"I actually got to play his part on a live show up in Lake Tahoe when he came up there to work. I’m playing his solo and he’s doing the high part – the ‘di-deet, di-deet, di-deet-deet-deet, de-de-deet…’ and singing it. That serendipity thing, you know… Likewise, getting back to Bob Bogle, he was sitting there and he played Walk Don’t Run, all the way through. It was another of those ‘moments’".
You must have known and worked with many of the great rock bands and vocalists, too…
"Oh yeah. The first big show I did was with Alan Freed [legendary DJ and impresario] in late 1958. It was The Every Brothers, Chuck Berry, Bill Haley, The Kalin Twins plus many others.
"Eddie Cochran was a dear friend, also. I was with him a couple of days before he died, staying in the same hotel off Oxford Street in London. He came in and we greeted each other. Went up to his room and he was with his fiancée Sharon Sheeley. She was a great songwriter too – wrote Poor Little Fool for Ricky Nelson among other things.
"We swapped guitars. They had similar necks but I think mine had the best neck in the business. Everyone used to say that. I remember Buddy Holly and I were passing each other going to and from the stage one day and Buddy said, 'I wanna try your guitar,' and I took his Strat and he took my Gretsch. He said, 'Man, this has got a great neck!'
"I did another one with Les Paul. We were doing something for this posh magazine and Les and I were just sitting around while they were getting the lights sorted out and he says, 'Let’s swap guitars and see if anyone notices.' So I was playing Les Paul’s Les Paul. I realised this was another of those ‘moments’! He said, 'Nice neck!' The guy said, 'Are you guys playing the right guitars?' Les just cracked up."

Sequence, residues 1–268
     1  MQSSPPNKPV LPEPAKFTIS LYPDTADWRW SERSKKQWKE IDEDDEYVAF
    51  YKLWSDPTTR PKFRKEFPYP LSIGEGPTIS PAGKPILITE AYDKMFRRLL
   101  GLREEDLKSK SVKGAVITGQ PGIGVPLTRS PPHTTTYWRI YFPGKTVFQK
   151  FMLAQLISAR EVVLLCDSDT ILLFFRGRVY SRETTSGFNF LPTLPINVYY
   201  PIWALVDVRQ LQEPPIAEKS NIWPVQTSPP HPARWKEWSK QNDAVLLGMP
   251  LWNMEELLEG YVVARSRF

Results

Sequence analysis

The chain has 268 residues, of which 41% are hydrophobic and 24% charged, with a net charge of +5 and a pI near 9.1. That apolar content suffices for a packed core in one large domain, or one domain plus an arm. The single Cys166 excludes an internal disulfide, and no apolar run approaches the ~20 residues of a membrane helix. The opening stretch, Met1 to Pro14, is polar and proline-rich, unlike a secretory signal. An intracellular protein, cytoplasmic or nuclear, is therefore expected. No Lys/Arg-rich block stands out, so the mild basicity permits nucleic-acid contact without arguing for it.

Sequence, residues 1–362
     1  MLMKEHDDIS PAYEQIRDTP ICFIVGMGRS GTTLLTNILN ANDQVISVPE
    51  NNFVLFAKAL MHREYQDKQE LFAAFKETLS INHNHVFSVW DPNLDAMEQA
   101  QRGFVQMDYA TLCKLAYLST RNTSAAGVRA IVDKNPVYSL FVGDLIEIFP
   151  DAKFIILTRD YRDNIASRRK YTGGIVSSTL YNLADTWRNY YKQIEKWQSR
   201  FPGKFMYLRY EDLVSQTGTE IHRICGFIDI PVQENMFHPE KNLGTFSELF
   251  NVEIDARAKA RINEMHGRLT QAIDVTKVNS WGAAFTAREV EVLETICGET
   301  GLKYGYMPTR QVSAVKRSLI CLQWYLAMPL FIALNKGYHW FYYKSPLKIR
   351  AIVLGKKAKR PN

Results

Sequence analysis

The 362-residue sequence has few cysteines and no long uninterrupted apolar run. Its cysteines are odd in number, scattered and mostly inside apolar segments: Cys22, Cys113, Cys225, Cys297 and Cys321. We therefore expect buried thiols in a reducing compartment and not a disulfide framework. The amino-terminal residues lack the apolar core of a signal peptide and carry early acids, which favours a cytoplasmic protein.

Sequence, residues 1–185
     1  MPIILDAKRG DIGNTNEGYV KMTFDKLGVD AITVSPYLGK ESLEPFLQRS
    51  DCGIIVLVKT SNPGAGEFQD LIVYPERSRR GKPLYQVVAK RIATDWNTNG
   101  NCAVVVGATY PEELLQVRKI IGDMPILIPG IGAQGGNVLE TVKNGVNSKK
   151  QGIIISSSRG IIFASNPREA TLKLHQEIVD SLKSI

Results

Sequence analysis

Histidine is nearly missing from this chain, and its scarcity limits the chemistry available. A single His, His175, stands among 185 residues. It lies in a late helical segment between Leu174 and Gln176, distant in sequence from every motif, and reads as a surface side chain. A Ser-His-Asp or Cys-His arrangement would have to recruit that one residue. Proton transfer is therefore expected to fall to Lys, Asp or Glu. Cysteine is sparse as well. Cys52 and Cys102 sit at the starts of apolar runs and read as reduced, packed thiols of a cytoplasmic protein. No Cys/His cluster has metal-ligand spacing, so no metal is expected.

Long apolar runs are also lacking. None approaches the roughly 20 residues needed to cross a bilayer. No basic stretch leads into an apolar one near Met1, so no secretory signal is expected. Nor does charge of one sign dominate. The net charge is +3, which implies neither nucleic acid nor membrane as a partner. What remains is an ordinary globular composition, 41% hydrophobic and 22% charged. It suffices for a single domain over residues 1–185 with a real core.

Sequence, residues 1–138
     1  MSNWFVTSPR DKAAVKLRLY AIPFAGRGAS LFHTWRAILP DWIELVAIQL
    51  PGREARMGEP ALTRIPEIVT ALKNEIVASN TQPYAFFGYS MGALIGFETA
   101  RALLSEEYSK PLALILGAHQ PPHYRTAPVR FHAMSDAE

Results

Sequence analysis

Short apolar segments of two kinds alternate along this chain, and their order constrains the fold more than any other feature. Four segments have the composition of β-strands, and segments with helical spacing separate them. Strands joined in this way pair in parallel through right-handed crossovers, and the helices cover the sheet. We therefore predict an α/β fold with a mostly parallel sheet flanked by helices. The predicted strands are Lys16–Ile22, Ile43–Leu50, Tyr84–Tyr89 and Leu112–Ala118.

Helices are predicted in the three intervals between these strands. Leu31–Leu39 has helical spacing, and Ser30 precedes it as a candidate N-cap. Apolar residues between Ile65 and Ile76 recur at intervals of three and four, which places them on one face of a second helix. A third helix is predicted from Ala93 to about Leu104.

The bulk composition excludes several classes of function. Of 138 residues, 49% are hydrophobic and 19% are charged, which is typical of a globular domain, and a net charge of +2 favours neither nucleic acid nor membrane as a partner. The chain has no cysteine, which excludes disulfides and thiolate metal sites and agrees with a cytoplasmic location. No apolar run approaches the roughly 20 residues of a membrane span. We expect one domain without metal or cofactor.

You got your first Gretsch when still in your teens. That must have been something?
"Yeah, it was 1957 and I was 19. I didn’t even intend to buy it. I was actually looking at a White Falcon but it was too expensive - $700 or something. So I gave it back to Ziggy, the guy that owned the store, and he hung it back up on the wall. But then he said, 'I’ve got something you might like'. So he went over to this shelf full of guitar cases. He opens one of these cases and hands the guitar to me. Man, it settled in there so sweet. That neck – it was ‘my’ guitar.
"He said, “Have you got your Les Paul with you?” I said, 'Yeah, it’s in the trunk.' He said, 'Bring it in and let me see it.' So I brought it in and he said, 'Well I can give you $65 on it' – I’d only paid $75 or $80 for it. But I was still only 19 and you had to have your dad sign for you, but he wasn’t going to be back in town for a couple of weeks.
"So I started packing up the Les Paul but Ziggy said, 'Don’t you want to take the Gretsch?' Anyway, he let me have it without signing for it. And I’d just got my new Magnatone amp so I was a happy camper when I went to work that night."